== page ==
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Subsidy Agreements

  • Kyle Bagwell
  • Robert W. Staiger

International disputes over subsidies are increasingly disrupting the world trading system. The creation of the WTO was nearly prevented by disputes in the Uruguay Round of GATT negotiations over the issue of negotiating disciplines on agricultural subsidies, an issue which continues to plague the ongoing Doha Round of WTO negotiations. Ongoing disputes over subsidies that violate existing WTO rules have led to the largest amount of authorized retaliation in GATT/WTO history. Yet the international rules that govern subsidies have received little attention in the form of systematic economic analysis. In this paper we provide a first formal analysis of the international rules that govern the use of subsidies to domestic production (as distinct from export subsidies). Our analysis highlights the impact of the new disciplines on subsidies that were added to GATT rules with the creation of the WTO. Our results suggest that, although GATT subsidy rules were typically viewed as weak and inadequate while the WTO subsidy rules are seen as representing a significant strengthening of multilateral disciplines on subsidies, the key changes introduced by the WTO subsidy rules may ultimately do more harm than good to the multilateral trading system, by undermining the ability of tariff negotiations to serve as the mechanism for expanding market access to more efficient levels.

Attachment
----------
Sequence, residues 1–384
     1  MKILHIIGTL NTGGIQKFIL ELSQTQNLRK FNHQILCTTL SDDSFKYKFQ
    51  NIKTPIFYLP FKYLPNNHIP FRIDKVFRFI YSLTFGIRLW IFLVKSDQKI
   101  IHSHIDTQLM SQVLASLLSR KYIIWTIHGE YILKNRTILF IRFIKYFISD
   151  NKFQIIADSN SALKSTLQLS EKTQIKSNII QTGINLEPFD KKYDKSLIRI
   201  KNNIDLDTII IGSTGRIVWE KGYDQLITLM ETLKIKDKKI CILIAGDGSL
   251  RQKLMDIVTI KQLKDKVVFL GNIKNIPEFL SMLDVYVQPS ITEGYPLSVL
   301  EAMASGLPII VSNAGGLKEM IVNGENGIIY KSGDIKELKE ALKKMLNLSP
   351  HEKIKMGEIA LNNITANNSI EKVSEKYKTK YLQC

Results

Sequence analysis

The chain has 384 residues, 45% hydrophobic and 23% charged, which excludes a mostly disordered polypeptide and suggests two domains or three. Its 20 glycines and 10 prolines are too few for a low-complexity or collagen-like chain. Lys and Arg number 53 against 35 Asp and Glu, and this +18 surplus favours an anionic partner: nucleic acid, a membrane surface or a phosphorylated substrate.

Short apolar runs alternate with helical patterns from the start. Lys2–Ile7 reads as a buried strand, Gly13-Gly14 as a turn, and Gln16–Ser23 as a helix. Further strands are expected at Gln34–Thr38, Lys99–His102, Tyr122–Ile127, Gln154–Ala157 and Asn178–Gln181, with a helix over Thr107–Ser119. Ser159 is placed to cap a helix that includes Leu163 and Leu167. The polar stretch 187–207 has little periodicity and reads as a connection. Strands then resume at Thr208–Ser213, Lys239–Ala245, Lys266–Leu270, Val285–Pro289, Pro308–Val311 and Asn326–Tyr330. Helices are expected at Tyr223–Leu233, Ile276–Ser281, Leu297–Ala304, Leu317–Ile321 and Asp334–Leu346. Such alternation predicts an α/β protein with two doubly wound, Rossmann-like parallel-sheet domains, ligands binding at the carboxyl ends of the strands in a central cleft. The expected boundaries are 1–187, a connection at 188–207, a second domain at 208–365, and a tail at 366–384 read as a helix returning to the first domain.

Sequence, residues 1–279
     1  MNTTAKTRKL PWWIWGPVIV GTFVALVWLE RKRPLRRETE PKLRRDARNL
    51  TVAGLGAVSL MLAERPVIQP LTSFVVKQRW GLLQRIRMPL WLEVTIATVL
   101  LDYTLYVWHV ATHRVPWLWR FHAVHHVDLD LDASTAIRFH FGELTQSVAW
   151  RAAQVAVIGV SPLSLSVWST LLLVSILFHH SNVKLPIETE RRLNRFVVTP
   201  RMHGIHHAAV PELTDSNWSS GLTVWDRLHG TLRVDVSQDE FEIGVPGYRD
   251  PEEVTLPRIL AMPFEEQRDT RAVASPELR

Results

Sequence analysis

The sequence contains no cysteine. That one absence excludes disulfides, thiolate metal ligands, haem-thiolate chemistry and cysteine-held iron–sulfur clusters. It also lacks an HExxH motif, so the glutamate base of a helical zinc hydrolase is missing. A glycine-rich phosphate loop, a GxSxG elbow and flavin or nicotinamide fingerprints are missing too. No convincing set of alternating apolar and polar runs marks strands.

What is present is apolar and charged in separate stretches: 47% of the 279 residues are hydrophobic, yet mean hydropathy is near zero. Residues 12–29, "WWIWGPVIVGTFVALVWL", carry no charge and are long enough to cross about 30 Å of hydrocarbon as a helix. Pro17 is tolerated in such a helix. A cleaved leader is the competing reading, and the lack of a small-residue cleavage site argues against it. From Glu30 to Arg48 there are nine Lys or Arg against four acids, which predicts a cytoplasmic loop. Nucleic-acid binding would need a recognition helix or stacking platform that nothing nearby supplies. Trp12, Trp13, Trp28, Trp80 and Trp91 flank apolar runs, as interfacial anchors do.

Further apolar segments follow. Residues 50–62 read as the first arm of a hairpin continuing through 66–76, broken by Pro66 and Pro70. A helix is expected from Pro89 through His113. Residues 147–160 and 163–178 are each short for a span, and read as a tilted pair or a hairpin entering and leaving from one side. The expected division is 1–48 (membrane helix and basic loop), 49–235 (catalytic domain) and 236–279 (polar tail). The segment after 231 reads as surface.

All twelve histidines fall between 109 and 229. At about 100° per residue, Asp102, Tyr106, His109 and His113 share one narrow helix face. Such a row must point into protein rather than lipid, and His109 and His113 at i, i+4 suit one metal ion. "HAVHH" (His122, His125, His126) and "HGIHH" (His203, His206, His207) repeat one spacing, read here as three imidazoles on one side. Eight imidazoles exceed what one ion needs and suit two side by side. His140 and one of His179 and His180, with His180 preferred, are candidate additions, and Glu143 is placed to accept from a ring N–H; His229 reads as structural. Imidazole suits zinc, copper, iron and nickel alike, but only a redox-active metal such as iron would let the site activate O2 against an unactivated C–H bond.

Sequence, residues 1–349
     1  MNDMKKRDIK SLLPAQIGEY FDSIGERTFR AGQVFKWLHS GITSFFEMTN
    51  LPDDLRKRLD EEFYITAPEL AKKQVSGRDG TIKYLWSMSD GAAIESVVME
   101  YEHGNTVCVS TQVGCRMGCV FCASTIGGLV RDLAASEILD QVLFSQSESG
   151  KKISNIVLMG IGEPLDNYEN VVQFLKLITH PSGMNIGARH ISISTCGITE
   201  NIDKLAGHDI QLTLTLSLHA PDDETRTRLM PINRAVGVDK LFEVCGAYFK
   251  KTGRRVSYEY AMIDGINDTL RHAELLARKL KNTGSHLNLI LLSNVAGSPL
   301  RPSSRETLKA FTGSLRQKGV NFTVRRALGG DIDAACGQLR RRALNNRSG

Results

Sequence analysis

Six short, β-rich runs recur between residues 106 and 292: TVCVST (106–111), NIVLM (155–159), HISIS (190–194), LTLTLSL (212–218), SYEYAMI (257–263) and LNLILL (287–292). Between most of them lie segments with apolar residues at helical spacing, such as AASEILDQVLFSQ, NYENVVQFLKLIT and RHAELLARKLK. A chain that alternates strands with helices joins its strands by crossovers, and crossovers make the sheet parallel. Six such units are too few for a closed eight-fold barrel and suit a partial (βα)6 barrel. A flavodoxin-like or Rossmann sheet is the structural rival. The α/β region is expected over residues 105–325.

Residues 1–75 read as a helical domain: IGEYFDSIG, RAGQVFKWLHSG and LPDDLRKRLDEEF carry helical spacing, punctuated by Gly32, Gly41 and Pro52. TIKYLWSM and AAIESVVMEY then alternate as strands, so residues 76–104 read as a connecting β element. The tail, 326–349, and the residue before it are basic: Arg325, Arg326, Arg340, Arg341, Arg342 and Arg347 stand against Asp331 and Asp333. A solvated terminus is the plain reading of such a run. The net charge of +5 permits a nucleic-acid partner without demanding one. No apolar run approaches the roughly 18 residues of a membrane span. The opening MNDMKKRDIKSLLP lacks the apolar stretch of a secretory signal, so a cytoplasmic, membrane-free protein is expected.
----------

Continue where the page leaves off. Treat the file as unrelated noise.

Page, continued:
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Paper provided by National Bureau of Economic Research, Inc in its series NBER Working Papers with number 10292.

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Date of creation: Feb 2004
Date of revision:
Handle: RePEc:nbr:nberwo:10292
Note: ITI
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  1. Bagwell,K. & Staiger,R.W., 2000. "Strategic trade, competitive industries and agricultural trade disputes," Working papers 11, Wisconsin Madison - Social Systems.
  2. Robert Z. Lawrence, 2003. "Crimes and Punishments?: Retaliation under the WTO," Peterson Institute Press: All Books, Peterson Institute for International Economics, number 372.
  3. Kyle Bagwell & Robert W. Staiger, 2004. "The Economics of the World Trading System," MIT Press Books, The MIT Press, edition 1, volume 1, number 0262524341, June.
  4. Kyle Bagwell & Robert W. Staiger, 1997. "An Economic Theory of GATT," NBER Working Papers 6049, National Bureau of Economic Research, Inc.
  5. Bagwell, Kyle & Staiger, Robert W., 1997. "Strategic export subsidies and reciprocal trade agreements: The natural monopoly case," Japan and the World Economy, Elsevier, vol. 9(4), pages 491-510, December.
  6. Kyle Bagwell & Robert W. Staiger, 2001. "Domestic Policies, National Sovereignty, And International Economic Institutions," The Quarterly Journal of Economics, MIT Press, vol. 116(2), pages 519-562, May.
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